Biodiv Sci ›› 1998, Vol. 06 ›› Issue (3): 205-212.DOI: 10.17520/biods.1998031

• 论文 • Previous Articles     Next Articles

Landscape approaches in biodiversity conservation

YU Kong-Jian1),LI Di-Hua1),DUAN Tie-Wu2)   

  1. 1)  Department of Urban and Environmental Sciences , Peking University , Beijing 100871
    2)  Institute of Environmental Science , Beijing Normal University , Beijing  100875
  • Received:1997-12-19 Revised:1998-03-15 Online:1998-08-20 Published:1998-08-20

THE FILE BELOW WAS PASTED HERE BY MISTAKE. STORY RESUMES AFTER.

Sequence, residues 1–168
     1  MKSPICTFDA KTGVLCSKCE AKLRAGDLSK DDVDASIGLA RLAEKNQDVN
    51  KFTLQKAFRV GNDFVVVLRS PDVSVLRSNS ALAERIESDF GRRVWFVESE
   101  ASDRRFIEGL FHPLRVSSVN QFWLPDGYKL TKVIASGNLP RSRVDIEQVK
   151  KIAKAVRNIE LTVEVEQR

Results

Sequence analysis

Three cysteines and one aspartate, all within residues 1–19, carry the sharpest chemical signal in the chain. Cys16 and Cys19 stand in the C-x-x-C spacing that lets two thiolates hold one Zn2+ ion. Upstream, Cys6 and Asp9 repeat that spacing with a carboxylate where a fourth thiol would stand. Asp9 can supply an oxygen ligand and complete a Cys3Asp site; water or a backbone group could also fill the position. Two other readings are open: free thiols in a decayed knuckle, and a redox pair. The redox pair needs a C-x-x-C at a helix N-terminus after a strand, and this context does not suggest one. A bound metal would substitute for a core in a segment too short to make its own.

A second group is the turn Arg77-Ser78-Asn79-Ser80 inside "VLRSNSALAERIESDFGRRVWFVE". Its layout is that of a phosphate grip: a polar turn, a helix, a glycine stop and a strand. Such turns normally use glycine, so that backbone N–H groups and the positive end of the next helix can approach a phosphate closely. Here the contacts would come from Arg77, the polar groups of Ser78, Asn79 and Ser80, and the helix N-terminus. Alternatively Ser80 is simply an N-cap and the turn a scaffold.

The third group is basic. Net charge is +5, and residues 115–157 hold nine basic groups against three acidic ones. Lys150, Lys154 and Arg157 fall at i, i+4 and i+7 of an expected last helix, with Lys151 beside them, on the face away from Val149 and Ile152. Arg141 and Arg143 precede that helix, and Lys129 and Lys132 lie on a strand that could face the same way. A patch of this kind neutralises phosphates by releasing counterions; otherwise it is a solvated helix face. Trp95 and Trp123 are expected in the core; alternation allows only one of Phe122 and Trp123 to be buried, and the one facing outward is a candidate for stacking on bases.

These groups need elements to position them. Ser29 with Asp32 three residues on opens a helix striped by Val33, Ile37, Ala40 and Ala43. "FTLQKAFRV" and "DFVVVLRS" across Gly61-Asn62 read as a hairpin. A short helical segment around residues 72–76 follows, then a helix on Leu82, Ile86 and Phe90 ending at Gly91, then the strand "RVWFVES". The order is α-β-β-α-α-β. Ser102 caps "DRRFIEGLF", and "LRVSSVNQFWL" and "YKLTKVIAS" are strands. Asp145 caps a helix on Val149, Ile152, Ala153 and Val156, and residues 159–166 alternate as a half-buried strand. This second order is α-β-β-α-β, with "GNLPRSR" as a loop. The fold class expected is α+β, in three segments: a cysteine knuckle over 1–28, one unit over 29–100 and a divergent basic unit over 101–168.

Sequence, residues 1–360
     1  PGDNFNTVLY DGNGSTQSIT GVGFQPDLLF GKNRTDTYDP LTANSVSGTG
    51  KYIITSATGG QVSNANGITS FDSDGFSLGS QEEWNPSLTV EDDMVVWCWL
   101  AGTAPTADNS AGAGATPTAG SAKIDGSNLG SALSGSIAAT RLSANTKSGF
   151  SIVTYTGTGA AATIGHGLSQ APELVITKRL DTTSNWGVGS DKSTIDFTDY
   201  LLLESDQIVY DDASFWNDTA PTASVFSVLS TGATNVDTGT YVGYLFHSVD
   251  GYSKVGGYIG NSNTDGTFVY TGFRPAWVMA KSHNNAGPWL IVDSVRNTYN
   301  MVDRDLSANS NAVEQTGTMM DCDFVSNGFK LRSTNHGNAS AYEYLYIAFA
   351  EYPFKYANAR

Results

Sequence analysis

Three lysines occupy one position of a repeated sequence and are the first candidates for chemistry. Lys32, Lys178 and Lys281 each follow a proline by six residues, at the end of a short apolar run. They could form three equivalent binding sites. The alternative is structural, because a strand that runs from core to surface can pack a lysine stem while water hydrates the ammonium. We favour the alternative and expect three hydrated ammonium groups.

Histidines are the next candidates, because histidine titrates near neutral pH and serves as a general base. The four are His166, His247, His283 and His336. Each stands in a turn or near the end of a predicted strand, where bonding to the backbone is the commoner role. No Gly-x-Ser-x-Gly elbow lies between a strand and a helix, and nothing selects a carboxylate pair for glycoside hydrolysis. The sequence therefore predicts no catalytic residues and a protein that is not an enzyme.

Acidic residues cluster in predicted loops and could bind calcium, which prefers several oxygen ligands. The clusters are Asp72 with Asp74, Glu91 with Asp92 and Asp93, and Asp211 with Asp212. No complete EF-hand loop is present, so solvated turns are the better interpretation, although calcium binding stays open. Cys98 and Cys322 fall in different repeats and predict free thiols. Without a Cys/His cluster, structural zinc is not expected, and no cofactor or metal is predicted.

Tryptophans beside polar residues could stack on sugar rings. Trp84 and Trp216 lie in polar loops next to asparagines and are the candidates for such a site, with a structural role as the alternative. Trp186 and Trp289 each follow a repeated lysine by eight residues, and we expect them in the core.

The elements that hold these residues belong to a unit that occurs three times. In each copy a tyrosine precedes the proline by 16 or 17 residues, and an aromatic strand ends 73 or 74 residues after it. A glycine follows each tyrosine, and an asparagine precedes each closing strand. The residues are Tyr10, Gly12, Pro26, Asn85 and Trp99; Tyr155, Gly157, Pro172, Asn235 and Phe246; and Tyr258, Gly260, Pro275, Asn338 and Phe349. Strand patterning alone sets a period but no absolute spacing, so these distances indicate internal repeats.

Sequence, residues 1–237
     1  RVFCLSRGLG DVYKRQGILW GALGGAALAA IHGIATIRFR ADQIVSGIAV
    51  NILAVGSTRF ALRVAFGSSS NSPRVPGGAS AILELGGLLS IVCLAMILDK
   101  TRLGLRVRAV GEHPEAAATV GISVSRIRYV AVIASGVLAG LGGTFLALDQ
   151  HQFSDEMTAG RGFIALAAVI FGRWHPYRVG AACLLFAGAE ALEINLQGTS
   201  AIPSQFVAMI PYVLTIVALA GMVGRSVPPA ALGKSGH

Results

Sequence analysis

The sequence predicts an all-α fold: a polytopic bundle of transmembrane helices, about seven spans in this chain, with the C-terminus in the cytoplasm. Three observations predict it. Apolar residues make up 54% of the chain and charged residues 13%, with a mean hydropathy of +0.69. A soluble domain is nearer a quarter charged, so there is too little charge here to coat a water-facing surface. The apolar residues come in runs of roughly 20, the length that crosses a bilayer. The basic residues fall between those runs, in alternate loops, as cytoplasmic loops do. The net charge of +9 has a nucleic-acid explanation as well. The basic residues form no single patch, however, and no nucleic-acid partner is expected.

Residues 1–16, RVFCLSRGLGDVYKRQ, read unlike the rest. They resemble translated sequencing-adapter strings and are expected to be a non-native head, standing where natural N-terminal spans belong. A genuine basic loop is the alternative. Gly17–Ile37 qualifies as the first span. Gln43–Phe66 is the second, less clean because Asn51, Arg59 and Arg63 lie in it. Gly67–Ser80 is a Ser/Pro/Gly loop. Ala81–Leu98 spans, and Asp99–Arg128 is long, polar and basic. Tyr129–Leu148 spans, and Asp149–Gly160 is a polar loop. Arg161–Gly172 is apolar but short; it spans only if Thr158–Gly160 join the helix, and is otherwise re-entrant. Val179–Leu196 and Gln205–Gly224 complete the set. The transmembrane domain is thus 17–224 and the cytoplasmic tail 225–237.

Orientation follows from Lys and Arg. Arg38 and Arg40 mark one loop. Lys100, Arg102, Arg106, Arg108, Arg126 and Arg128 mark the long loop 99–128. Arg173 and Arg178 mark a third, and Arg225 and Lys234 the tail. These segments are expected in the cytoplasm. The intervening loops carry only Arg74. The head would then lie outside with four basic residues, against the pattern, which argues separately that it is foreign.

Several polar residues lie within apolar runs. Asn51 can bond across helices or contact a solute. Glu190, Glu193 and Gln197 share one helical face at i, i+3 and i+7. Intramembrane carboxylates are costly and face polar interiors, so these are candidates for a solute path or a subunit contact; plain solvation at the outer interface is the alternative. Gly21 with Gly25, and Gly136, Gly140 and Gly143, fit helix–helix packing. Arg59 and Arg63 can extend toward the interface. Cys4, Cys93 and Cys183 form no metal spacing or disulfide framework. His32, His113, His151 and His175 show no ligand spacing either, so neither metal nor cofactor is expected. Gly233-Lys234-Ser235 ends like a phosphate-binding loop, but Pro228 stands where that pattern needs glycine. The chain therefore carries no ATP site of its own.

Abstract: Landscape planning and design play an important role in biodiversity conservation. Depending on their differences in emphasis , two kinds of landscape planning approaches to biodiversity conservation exist : the species2oriented and the landscape-element2oriented approaches. In the former , a landscape is designed based on detailed information about specific target species , whereas in the later , a landscape is designed based on the existing landscape elements and patterns. Regardless of the differences in planning approaches , five spatial tactics are widely considered to be effective in biodiversity conservation : protecting core habitats , buffering , building corridors , increasing heterogeneity , and restoring habitats. Questions , however , still remain as to what and where. It is argued that the current landscape planning approaches to biodiversity conservation have limitations in that they treat species as passive organisms to be encircled in a specific area or network , and in that only the solid landscape elements were targeted , not the contextual landscape , namely the matrix in which the solid landscape elements exist . Approaches in landscape planning might be greatly different if species are treated as initiative and competing controllers of the landscape. Three new concepts are highly appreciated for their potential application in landscape planning : the concept of spatial configuration , the concept of evolutionary dynamic lineage and the concept of landscape resistance. The approach of landscape ecological security patterns was a new attempt toward an alternative model of landscape planing in biodiversity conservation.